This work begins with a historic commitment to basic science and applied research, from the labs of renowned universities to the proving grounds of innovative companies.
Through the American Recovery and Reinvestment Act, and with the support of Congress, my administration is already providing the largest single boost to investment in basic research in American history. That's already happened.
This is important right now, as public and private colleges and universities across the country reckon with shrinking endowments and tightening budgets. But this is also incredibly important for our future. As Vannevar Bush, who served as scientific advisor to President Franklin Roosevelt, famously said: "Basic scientific research is scientific capital."
The fact is an investigation into a particular physical, chemical, or biological process might not pay off for a year, or a decade, or at all. And when it does, the rewards are often broadly shared, enjoyed by those who bore its costs but also by those who did not.
And that's why the private sector generally under-invests in basic science, and why the public sector must invest in this kind of research -- because while the risks may be large, so are the rewards for our economy and our society.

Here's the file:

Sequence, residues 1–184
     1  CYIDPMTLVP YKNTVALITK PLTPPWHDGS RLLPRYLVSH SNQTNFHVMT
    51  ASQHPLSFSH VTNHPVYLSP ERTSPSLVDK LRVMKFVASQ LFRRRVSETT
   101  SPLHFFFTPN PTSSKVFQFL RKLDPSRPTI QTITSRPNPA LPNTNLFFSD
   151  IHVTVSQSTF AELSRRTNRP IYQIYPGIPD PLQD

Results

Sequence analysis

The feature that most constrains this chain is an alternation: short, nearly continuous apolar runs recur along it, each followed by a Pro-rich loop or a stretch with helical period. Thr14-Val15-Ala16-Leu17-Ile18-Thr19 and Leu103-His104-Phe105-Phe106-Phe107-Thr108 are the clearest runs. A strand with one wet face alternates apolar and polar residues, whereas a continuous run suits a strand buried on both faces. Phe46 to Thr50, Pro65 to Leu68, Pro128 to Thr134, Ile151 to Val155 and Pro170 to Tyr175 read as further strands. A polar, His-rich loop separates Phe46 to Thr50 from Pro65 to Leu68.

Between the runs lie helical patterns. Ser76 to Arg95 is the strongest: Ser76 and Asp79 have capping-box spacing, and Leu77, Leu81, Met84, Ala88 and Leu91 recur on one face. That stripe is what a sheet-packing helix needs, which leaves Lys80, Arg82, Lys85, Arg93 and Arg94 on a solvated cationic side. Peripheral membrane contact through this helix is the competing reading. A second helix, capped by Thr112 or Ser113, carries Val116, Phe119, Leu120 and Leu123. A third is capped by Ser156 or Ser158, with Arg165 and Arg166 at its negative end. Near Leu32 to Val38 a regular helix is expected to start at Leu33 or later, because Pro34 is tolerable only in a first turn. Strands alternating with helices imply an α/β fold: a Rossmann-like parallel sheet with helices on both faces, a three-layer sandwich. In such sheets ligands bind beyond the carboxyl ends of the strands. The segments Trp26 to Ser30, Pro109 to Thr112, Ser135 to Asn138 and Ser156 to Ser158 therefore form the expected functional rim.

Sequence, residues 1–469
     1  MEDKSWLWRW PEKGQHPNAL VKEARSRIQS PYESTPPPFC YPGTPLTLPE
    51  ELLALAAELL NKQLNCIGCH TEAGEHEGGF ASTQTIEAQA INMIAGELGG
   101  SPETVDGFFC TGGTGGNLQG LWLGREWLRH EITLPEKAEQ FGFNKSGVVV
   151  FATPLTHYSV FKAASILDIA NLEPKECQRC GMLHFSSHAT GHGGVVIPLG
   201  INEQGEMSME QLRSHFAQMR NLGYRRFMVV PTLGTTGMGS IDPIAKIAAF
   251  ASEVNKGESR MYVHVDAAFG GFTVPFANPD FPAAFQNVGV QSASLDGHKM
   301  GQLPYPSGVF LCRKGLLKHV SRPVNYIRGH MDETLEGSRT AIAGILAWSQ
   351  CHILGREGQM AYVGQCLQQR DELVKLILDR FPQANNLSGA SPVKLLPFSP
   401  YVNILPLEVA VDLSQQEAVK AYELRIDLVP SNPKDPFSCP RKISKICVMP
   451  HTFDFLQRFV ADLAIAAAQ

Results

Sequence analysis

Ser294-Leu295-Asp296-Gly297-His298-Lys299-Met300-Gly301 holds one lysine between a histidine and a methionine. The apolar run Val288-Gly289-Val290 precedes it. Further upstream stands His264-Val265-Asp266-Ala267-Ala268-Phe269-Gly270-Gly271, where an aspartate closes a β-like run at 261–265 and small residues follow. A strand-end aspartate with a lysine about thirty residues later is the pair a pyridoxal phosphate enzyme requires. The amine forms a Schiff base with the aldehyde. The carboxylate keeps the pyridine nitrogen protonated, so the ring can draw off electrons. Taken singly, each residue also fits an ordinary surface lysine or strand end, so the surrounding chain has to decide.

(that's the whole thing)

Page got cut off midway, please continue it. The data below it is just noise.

No one can predict what new applications will be born of basic research: new treatments in our hospitals, or new sources of efficient energy; new building materials; new kinds of crops more resistant to heat and to drought.
It was basic research in the photoelectric field -- in the photoelectric effect that would one day lead to solar panels. It was basic research in physics that would eventually produce the CAT scan. The calculations of today's GPS satellites are based on the equations that Einstein put to paper more than a century ago.